The Miezises had never met Anne Tan until Friday night, but as the trio sat in front of Bob Hawke's old watering hole toasting the great Labor prime minister, it felt like they were old friends.
On election day eve, the John Curtin Hotel across from the Trades Hall on Lygon Street was full to the brim with true believers, keen to have a beer for Bob.
The few hundred Labor supporters and unionists had gathered at the Trades Hall to pay their respects for the party's longest serving prime minister who died on Thursday aged 89.
Knocking back a Corona with Ms Tan at the pub, Sue and John Miezis said they "just had to be here" to "pay tribute to a great man".
Mr Miezis first saw Mr Hawke debate at the Trades Hall 46 years ago and he and his wife were chuffed when Mr Hawke as prime minister replied to their son's Ben letter with a photo.
"I thought I've got to be here to say goodbye to him because he was amazing then and he was amazing up until very recently," he told AAP.
Ms Tan, a lifelong unionist, bought his biography in the mid-1980s and had it signed by Mr Hawke and his first wife Hazel.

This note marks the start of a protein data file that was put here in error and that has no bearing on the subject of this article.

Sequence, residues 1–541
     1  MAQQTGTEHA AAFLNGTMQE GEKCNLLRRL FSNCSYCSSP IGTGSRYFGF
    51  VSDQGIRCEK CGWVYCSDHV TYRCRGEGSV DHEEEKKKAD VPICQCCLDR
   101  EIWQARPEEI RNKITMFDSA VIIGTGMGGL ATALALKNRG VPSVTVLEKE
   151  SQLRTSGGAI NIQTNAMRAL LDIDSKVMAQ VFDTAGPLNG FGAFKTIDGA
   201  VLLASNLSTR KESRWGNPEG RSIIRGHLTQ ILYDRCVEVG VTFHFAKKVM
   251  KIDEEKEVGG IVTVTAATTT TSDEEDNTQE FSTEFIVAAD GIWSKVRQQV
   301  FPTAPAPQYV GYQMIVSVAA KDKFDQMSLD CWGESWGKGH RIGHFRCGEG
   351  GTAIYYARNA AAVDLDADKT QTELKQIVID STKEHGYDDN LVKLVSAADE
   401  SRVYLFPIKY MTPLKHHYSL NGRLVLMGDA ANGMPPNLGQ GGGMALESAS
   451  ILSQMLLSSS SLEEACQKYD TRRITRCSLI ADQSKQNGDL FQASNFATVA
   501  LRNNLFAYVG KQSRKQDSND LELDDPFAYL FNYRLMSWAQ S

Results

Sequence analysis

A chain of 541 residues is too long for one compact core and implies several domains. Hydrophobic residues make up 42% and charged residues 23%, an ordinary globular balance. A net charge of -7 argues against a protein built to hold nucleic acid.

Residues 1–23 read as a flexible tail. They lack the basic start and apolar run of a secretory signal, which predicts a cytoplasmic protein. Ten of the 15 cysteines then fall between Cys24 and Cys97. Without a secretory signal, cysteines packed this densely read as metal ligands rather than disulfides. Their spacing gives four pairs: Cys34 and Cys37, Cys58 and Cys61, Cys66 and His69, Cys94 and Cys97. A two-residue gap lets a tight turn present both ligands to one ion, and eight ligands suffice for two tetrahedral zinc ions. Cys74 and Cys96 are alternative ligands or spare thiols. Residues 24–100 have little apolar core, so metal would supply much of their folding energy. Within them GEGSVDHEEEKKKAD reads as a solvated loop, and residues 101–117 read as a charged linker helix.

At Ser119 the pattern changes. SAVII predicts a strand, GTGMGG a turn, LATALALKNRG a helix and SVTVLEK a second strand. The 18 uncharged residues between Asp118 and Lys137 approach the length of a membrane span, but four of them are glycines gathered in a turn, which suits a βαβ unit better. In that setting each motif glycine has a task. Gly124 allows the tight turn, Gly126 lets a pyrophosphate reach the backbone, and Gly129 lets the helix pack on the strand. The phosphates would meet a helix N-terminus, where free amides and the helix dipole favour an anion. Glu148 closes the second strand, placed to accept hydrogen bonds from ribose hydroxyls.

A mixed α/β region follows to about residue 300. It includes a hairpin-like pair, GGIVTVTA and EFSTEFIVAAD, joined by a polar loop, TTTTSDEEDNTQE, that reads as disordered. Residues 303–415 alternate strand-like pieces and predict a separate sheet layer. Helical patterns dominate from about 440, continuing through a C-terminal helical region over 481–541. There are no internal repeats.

"He was charismatic, he just fixed you with those blue eyes and you felt as though he was just talking to you," she recalled of the brief bookshop encounter.
Earlier in the evening, Opposition Leader Bill Shorten met with Victorian Premier Daniel Andrews and his predecessor Steve Bracks for a beer at the same pub and toasted with cans of Hawke's Lager.
Meatworkers unionists Tony and Heather Gili raised a glass for Mr Hawke inside the pub in front of a giant photo of the Labor legend.
"He meant a lot to us, my parents struggled before Medicare came in," he told AAP.
"I just wish he was still around for another two days, he maybe would have seen Labor come back in," Ms Gili said.
A Labor victory on Saturday had the mourners cheering, when the Trades Hall Secretary Luke Hilkari closed the service on Friday night and invited them across the road "for a pot, not a yard glass, because tomorrow we've all got work to do."
Labor MP Brendan O'Connor and former deputy prime minister Brian Howe spoke of Mr Hawke as a staunch union leader and a consultative prime minister, one who proved Labor could make lasting reform.